The opinion of the court was delivered by: KAUFMAN
These are three petitions for naturalization brought under Section 325(a) of the Nationality Act of 1940, 8 U.S.C.A. § 725(a), which provides for the naturalization of persons who have served with good conduct for an aggregate period of at least five years 'on board vessels of more than twenty tons burden, whether or not documented under the laws of the United States, and whether public or private, which are not foreign vessels, and whose home port is in the United States * * * '.
Each petitioner has a substantial amount of conceded valid service.
The validity of certain periods of service is contested on the ground that the vessels on which it was rendered did not have their 'home ports' in the United States. The contested service was rendered on board vessels owned by the Balboa Shipping Company, a Panamanian corporation, and the Empresa Hondurena de Vapores, a Honduran corporation, both of which were wholly owned subsidiaries of the United Fruit Company, an American corporation. The ships of the Balboa Shipping Company and the Empresa Hondurena de Vapores were registered under the flags of Panama and Honduras, respectively, but were operated under demise charters to the United Fruit Company, as owner pro hac vice.
The facts show that the 'home ports' of the ships on which the contested service was rendered, as indicated on their documents, manifests, certificates of service and custom records, were not in the United States. The 'home port', as indicated in those documents and records of the vessels owned by the Balboa Shipping Company was Balboa, Panama; and that of those owned by the Empresa Hondurena de Vapores was Tela, Honduras. However, the record shows that these vessels used United States ports as the regular and usual ports to which they normally returned at the completion of a voyage, and the places where their crews were customarily hired, paid off and discharged.
The Immigration and Naturalization Service contends that since the 'home port' of a vessel, documented under the laws of the United States, is the port fixed and determined by the owner, subject to the approval of the Commissioner of Customs, and shown in the official records relating to the vessel, 46 U.S.C.A. § 18, the term 'home port' as used in Section 325(a) should be interpreted as meaning that port which is designated as the 'home port' in the vessel's official records. This construction is urged notwithstanding the fact that Section 325(a) covers service on vessels 'whether or not documented under the laws of the United States', while Section 18 of Title 46, U.S.C.A., applies only to vessels of the United States.
Prior to the passage of the latter section in 1925, the authorities, in ascertaining the validity of certain maritime liens, were consistent in defining 'home port' as that port in which the owner of the vessel resided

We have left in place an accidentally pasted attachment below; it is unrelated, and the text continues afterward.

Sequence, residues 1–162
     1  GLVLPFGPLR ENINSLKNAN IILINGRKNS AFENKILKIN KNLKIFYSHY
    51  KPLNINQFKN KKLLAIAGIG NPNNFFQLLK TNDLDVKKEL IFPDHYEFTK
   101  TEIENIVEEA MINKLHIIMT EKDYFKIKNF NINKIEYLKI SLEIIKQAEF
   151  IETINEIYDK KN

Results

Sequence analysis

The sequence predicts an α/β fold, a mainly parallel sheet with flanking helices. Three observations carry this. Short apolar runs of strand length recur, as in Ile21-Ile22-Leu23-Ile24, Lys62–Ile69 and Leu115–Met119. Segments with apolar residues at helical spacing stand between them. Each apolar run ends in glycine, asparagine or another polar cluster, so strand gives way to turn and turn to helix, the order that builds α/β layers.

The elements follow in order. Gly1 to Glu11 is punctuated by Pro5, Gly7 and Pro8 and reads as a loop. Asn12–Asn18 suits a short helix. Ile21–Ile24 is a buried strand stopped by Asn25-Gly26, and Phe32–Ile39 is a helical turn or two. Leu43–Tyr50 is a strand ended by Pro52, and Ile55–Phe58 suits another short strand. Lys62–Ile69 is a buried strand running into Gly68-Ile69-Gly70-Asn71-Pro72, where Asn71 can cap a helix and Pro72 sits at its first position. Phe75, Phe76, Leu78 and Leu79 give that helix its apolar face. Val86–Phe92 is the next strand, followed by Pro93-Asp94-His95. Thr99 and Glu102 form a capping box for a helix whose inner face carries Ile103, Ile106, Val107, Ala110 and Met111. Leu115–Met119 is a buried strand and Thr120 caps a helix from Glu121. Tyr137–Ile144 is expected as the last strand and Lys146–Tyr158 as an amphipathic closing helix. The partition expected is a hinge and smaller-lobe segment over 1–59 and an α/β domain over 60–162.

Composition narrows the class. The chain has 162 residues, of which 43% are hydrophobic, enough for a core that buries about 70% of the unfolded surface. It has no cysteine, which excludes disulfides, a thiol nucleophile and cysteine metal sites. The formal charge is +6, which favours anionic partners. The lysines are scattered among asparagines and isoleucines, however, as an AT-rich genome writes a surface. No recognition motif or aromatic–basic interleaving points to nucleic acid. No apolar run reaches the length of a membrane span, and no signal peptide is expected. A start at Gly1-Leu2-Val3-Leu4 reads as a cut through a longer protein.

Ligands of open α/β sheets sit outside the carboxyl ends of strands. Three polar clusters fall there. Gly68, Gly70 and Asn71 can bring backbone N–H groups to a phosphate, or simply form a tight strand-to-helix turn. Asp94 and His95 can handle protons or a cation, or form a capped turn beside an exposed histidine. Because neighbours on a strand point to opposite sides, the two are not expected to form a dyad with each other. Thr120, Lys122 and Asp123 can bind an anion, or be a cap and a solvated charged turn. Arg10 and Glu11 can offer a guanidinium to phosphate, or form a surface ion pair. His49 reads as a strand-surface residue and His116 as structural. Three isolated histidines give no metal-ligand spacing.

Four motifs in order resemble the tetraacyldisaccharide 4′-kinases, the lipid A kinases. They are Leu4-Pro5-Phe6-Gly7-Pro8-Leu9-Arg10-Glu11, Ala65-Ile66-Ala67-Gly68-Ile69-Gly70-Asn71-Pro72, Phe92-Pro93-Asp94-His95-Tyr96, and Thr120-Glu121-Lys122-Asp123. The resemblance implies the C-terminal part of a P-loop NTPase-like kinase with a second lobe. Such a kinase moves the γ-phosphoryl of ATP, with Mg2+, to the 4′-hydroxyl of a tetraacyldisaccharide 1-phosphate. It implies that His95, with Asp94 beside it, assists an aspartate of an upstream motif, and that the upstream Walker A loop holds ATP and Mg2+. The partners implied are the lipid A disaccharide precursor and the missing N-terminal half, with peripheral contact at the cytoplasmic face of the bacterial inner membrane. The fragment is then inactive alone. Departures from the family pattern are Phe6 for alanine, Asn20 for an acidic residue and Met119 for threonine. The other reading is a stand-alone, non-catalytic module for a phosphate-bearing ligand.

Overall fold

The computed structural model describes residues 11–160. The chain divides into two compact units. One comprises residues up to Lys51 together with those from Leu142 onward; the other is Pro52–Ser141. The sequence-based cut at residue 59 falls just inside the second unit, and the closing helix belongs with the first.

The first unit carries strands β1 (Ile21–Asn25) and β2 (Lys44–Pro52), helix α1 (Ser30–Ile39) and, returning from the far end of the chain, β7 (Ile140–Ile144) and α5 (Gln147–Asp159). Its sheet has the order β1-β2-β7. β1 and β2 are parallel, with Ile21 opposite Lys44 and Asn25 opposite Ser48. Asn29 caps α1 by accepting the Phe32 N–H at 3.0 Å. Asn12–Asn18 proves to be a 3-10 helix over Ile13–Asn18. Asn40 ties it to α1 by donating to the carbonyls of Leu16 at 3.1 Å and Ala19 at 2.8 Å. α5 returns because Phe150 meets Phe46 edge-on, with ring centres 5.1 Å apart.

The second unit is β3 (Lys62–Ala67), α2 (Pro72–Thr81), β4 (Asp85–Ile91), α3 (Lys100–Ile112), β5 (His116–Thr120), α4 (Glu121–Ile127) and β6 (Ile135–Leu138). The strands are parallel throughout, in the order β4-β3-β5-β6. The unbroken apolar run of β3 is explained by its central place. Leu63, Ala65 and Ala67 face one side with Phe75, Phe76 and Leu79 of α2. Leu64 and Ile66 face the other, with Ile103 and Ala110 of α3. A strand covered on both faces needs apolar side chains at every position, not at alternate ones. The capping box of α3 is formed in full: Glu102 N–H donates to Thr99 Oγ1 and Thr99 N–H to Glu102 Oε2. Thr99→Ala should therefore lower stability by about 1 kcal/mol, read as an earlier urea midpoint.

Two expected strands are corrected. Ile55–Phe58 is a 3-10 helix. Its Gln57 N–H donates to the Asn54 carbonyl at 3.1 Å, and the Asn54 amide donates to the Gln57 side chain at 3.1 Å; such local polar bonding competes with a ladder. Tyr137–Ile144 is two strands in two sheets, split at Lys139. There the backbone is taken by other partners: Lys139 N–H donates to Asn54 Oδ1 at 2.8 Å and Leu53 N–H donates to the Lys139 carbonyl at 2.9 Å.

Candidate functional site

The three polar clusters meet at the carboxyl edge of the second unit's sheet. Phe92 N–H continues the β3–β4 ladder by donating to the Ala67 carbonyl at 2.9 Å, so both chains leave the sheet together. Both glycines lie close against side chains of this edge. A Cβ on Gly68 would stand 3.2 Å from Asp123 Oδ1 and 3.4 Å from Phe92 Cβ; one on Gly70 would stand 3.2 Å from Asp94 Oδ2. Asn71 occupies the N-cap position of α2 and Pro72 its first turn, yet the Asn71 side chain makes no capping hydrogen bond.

; and, if the vessel had been chartered to a corporation, as owner pro hac vice, the 'home port' was defined as that in which the charteree corporation had its principal place of business
. If the latter definitions were applied to Section 325(a), the vessels on which the contested service was rendered would be considered as having had their 'home ports' in the United States.
But whether or not these definitions should be used as a criterion in determining the meaning of 'home port' for the purposes of this case should depend on whether or not they have any relevance in realizing the purposes of Section 325(a). In United States v. Camean, 2 Cir., 174 F.2d 151, the Court of Appeals pointed out the dual purpose of that section: (1) to allow to become citizens a class of persons whose occupation prevents them from complying with the general requirements of continuous residence in the United States, and, (2) to secure citizen seamen to man our merchant marine. Neither the fact that a vessel's documents may designate a foreign port as its 'home port', nor the fact that a corporation, to which the vessel has been chartered as owner pro hac vice, has its principal place of business in this country, has any conclusive relevance in realizing these purposes. 'All that is important is that the alien's service shall expose him to a scrutiny which is the measurable equivalent of actual residence * * * '. United States v. Camean, supra, 174 F.2d at page 153.
Since the facts here show that the vessels on which the contested service was rendered plied between the United States and foreign ports, since their crews were customarily signed on, discharged and paid off in a port of the United States, and since they were not 'foreign' vessels, United States v. Camean, supra, it would seem that the service of these petitioners did expose them to a 'scrutiny which is the measurable equivalent of actual residence'.
In view of these facts, it is concluded that the 'home port' of these vessels was in the United States within the meaning of Section 325(a) of the Nationality Act of 1940.
These petitions are granted and petitioners may be admitted to citizenship upon taking ...